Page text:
The most likely account says that he was martyred in Persia by having his hands sawed off. Other sources provide various locations, having him die in Jerusalem, or as far away as Spain. Thus, nothing certain is really known.

“Judas (not Iscariot) said to him, ‘Lord, how is it that you will manifest yourself to us, and not to the world?’ Jesus answered him, ‘If a man loves me, he will keep my word, and my Father will love him, and we will come to him and make our home with him. He who does not love me does not keep my words; and the word which you hear is not mine but the Father’s who sent me.’” – John 14:22-24

What does “zealot” mean in the Bible?

In the Apostles’ time, there was an active political party of Jews called the Zealots, known for their singular zeal for Jewish law and their opposition to Roman occupation. This latter would eventually lead to complete rebellion in 66 A.D., and the siege and destruction of Jerusalem and the Temple by the Romans in 70.

It is unknown whether the apostle Simon was a member of this party, or whether “zealot” simply described his religious character generally. In any case, his name also distinguished him from Peter, whose given name was Simon.

What is St. Simon the patron saint of?

St. Simon is the patron saint of saw workers and tanners. This derives from one account of his martyrdom in which his hands were sawed off.

“May mercy, peace, and love be multiplied to you.” – Epistle of St. Jude, verse 2

What can we learn from St. Simon?

Pope Benedict XVI taught:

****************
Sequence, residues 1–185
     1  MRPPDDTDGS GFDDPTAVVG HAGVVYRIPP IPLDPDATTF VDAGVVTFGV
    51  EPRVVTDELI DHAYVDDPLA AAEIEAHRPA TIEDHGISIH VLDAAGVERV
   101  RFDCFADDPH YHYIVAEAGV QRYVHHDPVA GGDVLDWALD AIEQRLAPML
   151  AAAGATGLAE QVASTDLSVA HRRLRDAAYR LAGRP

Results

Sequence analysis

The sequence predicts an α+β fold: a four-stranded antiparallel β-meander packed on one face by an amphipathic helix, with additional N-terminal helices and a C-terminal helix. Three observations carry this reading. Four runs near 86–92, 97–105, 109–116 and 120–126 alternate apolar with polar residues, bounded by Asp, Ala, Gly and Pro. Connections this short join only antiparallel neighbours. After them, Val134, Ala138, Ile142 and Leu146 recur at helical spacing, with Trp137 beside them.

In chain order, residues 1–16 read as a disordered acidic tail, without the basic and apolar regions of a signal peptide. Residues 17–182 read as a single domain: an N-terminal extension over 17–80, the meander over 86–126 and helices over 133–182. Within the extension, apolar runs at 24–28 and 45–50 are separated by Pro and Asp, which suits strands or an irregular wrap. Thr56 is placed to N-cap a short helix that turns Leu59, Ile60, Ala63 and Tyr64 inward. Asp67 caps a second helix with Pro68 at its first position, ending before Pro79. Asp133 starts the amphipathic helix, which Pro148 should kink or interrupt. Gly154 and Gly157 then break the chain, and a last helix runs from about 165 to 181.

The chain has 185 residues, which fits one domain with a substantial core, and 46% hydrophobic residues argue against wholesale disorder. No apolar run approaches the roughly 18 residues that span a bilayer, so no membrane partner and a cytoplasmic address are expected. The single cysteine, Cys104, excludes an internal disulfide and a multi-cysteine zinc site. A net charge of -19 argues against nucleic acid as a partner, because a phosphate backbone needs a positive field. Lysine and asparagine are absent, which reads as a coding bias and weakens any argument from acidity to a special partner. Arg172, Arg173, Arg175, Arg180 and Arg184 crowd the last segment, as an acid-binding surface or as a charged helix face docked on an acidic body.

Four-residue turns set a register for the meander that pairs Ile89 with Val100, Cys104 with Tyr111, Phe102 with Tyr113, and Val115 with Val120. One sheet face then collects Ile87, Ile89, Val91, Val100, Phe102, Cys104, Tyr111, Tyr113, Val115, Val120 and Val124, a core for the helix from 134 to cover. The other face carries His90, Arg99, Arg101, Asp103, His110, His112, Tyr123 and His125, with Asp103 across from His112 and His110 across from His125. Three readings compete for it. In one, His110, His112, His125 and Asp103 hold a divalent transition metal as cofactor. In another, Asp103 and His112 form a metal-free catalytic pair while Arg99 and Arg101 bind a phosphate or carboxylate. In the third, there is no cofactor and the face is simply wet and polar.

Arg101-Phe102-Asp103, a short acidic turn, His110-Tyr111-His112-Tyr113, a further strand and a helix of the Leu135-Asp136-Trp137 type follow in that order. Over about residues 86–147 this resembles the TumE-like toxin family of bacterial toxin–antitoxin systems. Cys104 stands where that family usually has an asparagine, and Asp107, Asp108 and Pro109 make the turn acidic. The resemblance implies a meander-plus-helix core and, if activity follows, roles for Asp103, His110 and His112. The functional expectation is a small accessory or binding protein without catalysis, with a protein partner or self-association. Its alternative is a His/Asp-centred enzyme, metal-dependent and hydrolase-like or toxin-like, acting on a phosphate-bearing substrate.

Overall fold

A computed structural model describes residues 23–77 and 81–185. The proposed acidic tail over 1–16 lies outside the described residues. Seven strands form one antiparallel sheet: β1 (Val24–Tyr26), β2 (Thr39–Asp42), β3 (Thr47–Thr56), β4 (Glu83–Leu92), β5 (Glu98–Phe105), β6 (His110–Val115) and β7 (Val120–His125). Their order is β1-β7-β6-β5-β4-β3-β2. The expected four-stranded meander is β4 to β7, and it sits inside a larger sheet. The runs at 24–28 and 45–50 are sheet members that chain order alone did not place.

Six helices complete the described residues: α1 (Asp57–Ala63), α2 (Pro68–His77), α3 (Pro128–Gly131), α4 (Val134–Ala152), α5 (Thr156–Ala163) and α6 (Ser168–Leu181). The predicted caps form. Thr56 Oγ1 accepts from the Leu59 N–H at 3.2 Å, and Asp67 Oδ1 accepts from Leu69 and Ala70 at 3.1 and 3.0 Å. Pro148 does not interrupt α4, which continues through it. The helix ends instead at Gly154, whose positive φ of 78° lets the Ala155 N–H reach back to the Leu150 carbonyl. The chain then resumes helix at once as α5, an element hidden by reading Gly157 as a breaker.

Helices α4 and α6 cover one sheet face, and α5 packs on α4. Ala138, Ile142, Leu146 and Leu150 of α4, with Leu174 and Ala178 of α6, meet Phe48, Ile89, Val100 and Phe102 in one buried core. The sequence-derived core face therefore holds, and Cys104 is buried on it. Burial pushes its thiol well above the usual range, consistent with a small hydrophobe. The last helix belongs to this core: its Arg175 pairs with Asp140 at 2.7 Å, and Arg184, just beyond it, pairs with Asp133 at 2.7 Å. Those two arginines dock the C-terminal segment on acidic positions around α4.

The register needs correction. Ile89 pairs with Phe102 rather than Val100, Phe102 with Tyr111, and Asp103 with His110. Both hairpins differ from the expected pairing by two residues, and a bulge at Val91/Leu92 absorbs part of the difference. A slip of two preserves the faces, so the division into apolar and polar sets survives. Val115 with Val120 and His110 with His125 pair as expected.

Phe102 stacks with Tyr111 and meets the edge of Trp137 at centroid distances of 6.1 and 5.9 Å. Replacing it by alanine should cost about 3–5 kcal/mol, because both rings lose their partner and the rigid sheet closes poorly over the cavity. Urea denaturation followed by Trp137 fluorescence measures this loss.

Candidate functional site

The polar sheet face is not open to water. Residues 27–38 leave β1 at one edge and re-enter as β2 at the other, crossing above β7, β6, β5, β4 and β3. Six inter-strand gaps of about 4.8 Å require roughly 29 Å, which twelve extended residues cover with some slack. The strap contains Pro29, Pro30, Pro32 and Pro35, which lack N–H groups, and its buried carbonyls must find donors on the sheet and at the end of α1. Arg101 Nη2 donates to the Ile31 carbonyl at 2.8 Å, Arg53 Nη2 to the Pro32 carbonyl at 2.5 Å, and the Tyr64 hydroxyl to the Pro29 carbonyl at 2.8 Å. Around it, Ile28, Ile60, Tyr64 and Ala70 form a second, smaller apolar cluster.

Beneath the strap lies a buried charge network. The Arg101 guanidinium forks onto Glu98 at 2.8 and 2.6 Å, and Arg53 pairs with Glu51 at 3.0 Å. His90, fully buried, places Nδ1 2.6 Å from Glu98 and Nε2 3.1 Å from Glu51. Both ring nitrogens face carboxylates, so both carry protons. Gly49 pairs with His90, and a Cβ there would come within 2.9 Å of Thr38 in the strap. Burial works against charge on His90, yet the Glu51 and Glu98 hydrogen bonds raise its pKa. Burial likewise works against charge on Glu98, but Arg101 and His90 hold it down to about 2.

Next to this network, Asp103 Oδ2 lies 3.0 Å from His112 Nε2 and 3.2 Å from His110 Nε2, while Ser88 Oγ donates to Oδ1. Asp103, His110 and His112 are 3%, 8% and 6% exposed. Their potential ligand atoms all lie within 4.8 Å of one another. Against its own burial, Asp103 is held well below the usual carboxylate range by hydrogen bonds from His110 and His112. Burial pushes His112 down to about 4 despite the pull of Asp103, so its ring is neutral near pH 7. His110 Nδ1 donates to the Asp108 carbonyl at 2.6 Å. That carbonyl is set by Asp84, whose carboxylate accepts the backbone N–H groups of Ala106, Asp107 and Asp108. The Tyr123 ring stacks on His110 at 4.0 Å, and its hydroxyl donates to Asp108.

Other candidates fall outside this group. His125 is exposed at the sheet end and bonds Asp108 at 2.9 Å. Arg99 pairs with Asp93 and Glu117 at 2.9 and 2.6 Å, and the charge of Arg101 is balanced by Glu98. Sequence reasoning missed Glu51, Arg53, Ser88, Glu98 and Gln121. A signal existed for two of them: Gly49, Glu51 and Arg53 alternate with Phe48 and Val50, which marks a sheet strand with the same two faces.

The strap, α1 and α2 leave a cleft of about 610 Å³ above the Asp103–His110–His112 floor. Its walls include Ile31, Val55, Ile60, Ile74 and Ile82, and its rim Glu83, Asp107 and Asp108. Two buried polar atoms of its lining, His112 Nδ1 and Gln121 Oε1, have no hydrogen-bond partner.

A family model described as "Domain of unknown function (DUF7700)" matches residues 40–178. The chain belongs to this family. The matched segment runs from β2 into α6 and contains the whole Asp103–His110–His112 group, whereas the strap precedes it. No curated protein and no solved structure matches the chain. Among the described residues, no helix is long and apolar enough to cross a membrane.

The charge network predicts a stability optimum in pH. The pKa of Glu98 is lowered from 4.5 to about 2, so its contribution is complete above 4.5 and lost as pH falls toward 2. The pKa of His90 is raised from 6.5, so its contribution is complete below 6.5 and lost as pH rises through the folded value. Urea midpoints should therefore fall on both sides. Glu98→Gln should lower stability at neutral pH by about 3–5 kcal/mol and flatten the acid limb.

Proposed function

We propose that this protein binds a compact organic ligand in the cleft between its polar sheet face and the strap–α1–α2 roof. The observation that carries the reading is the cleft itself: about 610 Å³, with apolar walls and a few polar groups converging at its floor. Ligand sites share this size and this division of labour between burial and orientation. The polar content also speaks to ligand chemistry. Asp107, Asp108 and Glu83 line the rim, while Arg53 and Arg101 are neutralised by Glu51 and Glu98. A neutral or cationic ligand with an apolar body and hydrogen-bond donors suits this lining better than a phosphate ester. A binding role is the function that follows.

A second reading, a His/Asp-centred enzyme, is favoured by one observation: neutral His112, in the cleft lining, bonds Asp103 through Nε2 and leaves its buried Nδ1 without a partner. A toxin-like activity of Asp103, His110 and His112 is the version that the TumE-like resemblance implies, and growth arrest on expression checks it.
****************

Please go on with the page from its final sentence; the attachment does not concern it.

Simon is given a nickname that varies in the four lists: while Matthew and Mark describe him as a "Cananaean", Luke instead describes him as a "Zealot."

In fact, the two descriptions are equivalent because they mean the same thing: indeed, in Hebrew the verb qanà' means "to be jealous, ardent" and can be said both of God, since he is jealous with regard to his Chosen People (cf. Ex 20: 5), and of men who burn with zeal in serving the one God with unreserved devotion, such as Elijah (cf. I Kgs 19: 10).

Thus, it is highly likely that even if this Simon was not exactly a member of the nationalist movement of Zealots, he was at least marked by passionate attachment to his Jewish identity, hence, for God, his People and divine Law.

If this was the case, Simon was worlds apart from Matthew, who, on the contrary, had an activity behind him as a tax collector that was frowned upon as entirely impure. This shows that Jesus called his disciples and collaborators, without exception, from the most varied social and religious backgrounds.

It was people who interested him, not social classes, or labels! And the best thing is that in the group of his followers, despite their differences, they all lived side by side, overcoming imaginable difficulties: indeed, what bound them together was Jesus himself, in whom they all found themselves united with one another.

This is clearly a lesson for us who are often inclined to accentuate differences and even contrasts, forgetting that in Jesus Christ we are given the strength to get the better of our continual conflicts.

Let us also bear in mind that the group of the Twelve is the prefiguration of the Church, where there must be room for all charisms, peoples and races, all human qualities that find their composition and unity in communion with Jesus.

St. Jude the Apostle
What is known about St. Jude Thaddeus?

While he was the author of the short New Testament book the Epistle of Jude, we do not know much more about him. Details of his life, his calling, or the time spent with Christ, are not recounted in the Gospels. We know of him because he is mentioned in the lists of the apostles and because of one single question he was quoted to have asked Christ during the Last Supper: